Little is clear about the 2016 NFL season, including the reason(s) for the dramatic drop in TV viewership.
Asked by Gary Myers on WFAN’s Chalk Talk if the league has reached any conclusions regarding the reduction in ratings, Commissioner Roger Goodell said, “No, and I don’t think anybody can do that.”
Goodell added, after Myers rattled off various possible explanations for the decline (election year, quality of games, fans fed up with off-field misconduct, too many penalties, and the national anthem protests), “We don’t dismiss any theory, if you want to call it that.”
That’s a stake contrast from nine days ago, when Goodell insisted that the anthem protests are not impacting ratings.
The Commissioner then added another potential explanation for the phenomenon: “The media landscape is going through some very fundamental changes.”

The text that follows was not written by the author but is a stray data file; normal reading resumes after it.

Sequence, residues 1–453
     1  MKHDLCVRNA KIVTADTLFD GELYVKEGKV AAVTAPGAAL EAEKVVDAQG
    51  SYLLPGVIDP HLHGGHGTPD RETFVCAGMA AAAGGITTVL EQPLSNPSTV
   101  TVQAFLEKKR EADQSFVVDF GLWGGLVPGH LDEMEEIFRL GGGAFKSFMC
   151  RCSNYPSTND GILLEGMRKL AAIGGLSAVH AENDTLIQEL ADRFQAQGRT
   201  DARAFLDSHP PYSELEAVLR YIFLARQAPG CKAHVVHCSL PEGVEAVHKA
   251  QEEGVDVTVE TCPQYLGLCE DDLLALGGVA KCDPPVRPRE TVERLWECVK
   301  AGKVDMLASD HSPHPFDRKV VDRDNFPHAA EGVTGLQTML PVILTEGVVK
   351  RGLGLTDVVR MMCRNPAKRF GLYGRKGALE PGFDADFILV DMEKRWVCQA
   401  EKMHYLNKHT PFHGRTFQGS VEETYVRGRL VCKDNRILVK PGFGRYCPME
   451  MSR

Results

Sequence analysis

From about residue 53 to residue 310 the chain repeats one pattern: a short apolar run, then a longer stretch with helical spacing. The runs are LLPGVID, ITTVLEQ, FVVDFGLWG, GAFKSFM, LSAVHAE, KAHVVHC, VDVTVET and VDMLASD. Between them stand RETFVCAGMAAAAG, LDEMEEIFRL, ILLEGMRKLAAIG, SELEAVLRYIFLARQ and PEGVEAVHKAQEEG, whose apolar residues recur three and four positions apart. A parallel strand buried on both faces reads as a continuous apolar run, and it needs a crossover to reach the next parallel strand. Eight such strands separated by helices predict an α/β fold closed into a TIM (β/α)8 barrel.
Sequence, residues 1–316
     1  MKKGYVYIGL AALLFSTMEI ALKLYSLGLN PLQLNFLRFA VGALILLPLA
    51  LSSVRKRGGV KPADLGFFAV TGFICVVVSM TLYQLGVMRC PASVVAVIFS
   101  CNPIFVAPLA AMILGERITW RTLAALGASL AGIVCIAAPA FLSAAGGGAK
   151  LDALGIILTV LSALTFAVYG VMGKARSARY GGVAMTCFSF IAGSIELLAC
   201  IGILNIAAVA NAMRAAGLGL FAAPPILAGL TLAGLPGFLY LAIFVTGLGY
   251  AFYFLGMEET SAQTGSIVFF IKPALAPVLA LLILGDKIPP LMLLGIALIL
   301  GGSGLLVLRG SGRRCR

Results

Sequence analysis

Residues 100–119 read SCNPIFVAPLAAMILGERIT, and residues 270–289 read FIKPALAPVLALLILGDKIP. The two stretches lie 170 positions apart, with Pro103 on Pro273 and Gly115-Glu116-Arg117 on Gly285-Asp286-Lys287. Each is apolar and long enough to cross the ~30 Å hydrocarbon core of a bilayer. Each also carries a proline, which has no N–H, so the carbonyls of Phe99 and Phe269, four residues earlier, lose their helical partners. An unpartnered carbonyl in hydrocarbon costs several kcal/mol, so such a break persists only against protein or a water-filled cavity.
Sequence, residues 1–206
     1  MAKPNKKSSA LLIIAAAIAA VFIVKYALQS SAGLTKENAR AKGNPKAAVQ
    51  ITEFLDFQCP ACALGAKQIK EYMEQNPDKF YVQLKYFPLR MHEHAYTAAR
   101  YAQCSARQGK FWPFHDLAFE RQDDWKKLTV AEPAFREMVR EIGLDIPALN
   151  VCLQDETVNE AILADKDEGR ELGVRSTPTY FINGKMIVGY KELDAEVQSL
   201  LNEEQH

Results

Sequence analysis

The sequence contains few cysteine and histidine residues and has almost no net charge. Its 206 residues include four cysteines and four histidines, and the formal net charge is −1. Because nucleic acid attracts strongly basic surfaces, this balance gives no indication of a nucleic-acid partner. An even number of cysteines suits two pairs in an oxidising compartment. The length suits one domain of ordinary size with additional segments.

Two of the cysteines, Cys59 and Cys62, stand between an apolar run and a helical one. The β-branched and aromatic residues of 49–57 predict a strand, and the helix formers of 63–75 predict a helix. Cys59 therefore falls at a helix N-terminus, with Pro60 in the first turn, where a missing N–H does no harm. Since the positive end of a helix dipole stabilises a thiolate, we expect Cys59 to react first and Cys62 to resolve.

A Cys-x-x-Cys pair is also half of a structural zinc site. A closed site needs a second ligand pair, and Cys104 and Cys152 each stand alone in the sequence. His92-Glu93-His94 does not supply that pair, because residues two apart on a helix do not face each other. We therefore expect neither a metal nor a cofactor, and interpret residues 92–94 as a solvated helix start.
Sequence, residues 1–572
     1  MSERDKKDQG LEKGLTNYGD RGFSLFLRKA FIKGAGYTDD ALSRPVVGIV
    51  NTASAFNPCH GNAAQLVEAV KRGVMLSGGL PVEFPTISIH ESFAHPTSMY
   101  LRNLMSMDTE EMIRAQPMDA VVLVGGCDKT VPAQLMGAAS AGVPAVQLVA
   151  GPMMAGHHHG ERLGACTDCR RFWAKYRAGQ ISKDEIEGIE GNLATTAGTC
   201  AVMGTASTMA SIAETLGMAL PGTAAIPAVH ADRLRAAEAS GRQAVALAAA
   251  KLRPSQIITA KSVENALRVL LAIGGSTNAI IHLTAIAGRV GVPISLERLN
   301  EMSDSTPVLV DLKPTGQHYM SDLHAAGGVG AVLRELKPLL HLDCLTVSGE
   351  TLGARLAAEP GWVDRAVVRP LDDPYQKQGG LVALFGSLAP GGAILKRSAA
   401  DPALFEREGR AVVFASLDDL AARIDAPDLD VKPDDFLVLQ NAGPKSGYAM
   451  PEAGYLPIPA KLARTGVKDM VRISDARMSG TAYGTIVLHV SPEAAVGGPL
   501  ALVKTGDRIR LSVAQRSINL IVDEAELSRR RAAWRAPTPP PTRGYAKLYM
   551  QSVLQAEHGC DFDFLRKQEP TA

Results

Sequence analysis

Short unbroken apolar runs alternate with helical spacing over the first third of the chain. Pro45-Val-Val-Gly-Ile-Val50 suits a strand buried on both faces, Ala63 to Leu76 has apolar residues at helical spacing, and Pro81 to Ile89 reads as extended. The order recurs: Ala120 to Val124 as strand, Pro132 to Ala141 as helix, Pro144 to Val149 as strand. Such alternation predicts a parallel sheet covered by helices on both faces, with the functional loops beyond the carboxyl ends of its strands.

Goodell generally attributed the drop to a “confluence of events,” and he reiterated that “we don’t dismiss any of them.”
He also focused on the positive; at a time when prime-time ratings have dropped by 36 percent over the last several years, the NFL’s ratings are up by 27 percent.
“It’s not always a straight line,” Goodell said. “You know there are bumps. . . . What we want to do is figure out how to engage our fans in the platforms they want to engage on and how do we engage them longer.”
Before doing that, it makes sense to come up with a reliable assessment of the factors. From polling to focus groups to surveys to any of the other ways of obtaining feedback as to why viewing habits have dramatically changed, the NFL has the resources and the incentives to get the answers.
The biggest problem for the league is that, if the anthem protests are a factor, there’s nothing the NFL can do about it — and any acknowledgement of the connection would underscore the power the players have. Which possibly would invite them to find more ways to wield their power.